Page load time is a measure of how long it takes for a web page to fully load in a user’s browser. It is an important metric to consider when evaluating the performance of a website, as it can have a significant impact on the user experience and the overall success of a website.
There are several statistics that are commonly used to measure page load time, including:
Time to First Byte (TTFB): This measures the time it takes for the first byte of data to be received by the user’s browser after a request is made. It is a measure of the responsiveness of the server and the network.
DomContentLoaded (DCL): This measures the time it takes for the initial HTML of the page to be parsed and the DOM to be constructed. This is an indication of the time it takes for the page to be usable.
Fully Loaded Time: This measures the time it takes for all resources (e.g. images, scripts, stylesheets) on the page to be fully loaded. This is an indication of the time it takes for the page to be fully functional.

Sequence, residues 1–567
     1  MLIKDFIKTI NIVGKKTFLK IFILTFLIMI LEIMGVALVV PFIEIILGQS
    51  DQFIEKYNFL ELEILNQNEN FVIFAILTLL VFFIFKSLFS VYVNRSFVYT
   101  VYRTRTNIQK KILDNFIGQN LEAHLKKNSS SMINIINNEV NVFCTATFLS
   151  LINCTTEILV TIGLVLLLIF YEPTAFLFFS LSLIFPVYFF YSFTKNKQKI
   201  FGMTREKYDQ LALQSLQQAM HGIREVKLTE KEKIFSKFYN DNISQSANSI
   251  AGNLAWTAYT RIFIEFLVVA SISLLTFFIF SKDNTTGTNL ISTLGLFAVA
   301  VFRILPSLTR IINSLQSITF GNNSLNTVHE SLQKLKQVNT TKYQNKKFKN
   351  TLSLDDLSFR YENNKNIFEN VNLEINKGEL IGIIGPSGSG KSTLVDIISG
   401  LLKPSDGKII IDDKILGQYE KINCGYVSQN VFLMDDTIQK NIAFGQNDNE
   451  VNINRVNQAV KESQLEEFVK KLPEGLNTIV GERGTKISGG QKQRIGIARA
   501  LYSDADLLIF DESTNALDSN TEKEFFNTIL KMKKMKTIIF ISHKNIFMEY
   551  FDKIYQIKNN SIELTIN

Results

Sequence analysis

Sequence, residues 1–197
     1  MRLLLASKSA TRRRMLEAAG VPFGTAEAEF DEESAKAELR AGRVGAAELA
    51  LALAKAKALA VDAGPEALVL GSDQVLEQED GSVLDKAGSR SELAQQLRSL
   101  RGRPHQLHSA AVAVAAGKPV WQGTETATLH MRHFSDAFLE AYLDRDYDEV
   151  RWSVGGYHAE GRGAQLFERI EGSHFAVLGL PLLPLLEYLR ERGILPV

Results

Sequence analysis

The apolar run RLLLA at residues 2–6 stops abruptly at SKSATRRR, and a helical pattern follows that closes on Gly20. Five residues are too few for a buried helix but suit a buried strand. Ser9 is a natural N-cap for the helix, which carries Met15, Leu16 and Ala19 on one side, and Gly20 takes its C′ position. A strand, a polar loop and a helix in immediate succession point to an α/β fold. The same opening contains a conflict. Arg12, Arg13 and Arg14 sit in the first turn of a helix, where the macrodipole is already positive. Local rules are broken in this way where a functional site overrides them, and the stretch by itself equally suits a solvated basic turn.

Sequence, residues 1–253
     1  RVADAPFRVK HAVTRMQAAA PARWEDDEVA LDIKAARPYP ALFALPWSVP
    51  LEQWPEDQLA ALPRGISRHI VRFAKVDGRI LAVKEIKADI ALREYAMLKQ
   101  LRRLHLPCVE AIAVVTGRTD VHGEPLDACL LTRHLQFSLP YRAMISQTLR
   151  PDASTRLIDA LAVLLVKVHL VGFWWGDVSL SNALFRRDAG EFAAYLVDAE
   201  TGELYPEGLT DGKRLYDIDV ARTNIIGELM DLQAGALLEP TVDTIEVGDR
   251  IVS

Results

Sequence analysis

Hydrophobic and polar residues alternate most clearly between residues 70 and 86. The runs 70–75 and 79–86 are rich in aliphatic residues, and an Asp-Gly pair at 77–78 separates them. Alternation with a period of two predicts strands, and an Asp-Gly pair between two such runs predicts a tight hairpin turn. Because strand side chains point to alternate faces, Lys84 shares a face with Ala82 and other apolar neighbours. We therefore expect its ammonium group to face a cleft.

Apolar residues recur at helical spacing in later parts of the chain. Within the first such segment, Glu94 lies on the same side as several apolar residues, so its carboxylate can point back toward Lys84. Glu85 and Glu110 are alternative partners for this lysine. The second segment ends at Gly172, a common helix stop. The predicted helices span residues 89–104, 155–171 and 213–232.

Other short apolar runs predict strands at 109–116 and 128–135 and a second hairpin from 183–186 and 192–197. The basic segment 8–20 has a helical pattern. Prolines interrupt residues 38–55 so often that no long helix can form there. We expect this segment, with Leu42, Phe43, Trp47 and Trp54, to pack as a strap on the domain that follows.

Speed Index: This is a measure of the visual progress of a page load. It takes into account how quickly the contents of a page are visibly populated.
Start Render: This measures the time it takes for any visible content to be rendered on the screen.
It’s worth noting that page load time can be affected by various factors, including the user’s internet connection, the size and number of resources on the page, the complexity of the code, and the hosting environment. To have a complete picture of the website’s performance, it is recommended to measure and analyze multiple metrics and statistics, and not rely on just one.